This exercise suggests I am practicing good science hygiene. I conduct power analysis for all my studies; I pre-register my hypotheses; I try to use rich, typically repeated, dependent variables; I post my data and materials; I have committed to start using stat-check before submitting new manuscripts. Most critically, perhaps, I think very differently about experimental design. While my first papers were characterized by the wide use of 2x2 between-subject (BS) designs, not one of my last 10 papers includes such BS. Instead, I have increasingly used within-subject designs, which sometimes makes my life harder—for example, bringing in participants to the lab twice—but also increases statistical power. Finally, I have also been paying attention to the conversation about replication, trying to learn as much as I can from people far smarter than I.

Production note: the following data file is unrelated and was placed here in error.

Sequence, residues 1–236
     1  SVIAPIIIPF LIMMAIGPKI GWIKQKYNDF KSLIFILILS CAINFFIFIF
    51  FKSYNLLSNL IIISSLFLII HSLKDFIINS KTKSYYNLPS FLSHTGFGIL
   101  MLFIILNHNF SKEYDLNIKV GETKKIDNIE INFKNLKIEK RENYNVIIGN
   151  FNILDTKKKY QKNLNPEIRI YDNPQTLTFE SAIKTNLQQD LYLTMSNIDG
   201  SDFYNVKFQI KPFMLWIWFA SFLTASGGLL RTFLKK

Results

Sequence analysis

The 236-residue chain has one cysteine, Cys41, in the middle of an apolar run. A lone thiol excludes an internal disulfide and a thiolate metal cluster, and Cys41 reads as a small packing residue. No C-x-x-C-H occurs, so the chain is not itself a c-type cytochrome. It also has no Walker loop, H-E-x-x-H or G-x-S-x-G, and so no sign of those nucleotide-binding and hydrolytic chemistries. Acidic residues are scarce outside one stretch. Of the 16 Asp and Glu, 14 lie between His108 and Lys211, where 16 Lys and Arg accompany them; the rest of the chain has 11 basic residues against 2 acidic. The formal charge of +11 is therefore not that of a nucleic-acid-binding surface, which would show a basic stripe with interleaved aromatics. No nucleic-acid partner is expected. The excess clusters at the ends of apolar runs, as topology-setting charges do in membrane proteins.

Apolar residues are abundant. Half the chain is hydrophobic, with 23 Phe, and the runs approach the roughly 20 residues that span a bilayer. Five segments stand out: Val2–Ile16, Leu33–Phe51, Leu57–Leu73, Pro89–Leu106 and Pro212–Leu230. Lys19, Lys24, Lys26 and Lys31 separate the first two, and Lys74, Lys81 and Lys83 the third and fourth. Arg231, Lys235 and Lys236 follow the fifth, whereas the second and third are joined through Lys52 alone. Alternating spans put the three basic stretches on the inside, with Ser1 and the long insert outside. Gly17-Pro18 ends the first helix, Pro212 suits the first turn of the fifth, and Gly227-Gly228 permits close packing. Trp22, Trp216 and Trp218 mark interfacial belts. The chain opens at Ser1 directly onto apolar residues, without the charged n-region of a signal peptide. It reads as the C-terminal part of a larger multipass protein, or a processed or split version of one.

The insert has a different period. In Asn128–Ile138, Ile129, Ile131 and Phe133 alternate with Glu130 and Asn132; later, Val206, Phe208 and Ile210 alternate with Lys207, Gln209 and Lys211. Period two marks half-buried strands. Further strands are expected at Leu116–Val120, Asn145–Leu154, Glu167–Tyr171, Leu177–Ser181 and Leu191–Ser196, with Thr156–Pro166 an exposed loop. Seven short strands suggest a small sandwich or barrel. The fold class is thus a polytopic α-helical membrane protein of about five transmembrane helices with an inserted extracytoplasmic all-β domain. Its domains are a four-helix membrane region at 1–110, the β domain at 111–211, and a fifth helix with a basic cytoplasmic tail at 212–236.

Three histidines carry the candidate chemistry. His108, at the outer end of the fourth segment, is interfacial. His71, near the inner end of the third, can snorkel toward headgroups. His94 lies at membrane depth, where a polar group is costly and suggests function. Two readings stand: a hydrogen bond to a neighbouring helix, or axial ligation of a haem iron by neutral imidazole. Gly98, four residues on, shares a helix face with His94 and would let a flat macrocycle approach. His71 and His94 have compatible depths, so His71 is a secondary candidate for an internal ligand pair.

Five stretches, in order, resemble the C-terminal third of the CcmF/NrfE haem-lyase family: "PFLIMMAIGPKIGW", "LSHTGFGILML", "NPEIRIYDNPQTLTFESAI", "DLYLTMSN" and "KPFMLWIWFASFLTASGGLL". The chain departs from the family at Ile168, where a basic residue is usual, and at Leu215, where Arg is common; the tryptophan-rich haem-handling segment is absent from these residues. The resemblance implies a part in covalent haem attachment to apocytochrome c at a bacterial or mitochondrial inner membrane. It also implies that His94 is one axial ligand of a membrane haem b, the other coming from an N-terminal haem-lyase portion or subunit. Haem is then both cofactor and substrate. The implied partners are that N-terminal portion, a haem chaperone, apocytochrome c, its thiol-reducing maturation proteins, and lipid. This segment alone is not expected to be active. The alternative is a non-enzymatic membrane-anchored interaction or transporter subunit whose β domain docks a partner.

To be clear, replicability is not the only thing that concerns me. I agree that good science is multiply-determined, and characterized by things like discovery, internal and external validity, creativity, cumulativeness, etc. However, I believe replicability takes priority over, even constrains, these other concerns. In my experience, I have not experienced tradeoffs—I don’t think my science is less creative or less concerned with internal or external validity because of my new stress on replicability. Perhaps the only thing that has changed is I am taking things slower; and this will eventually mean fewer publications. I see this as a net positive for all concerned, especially my readers.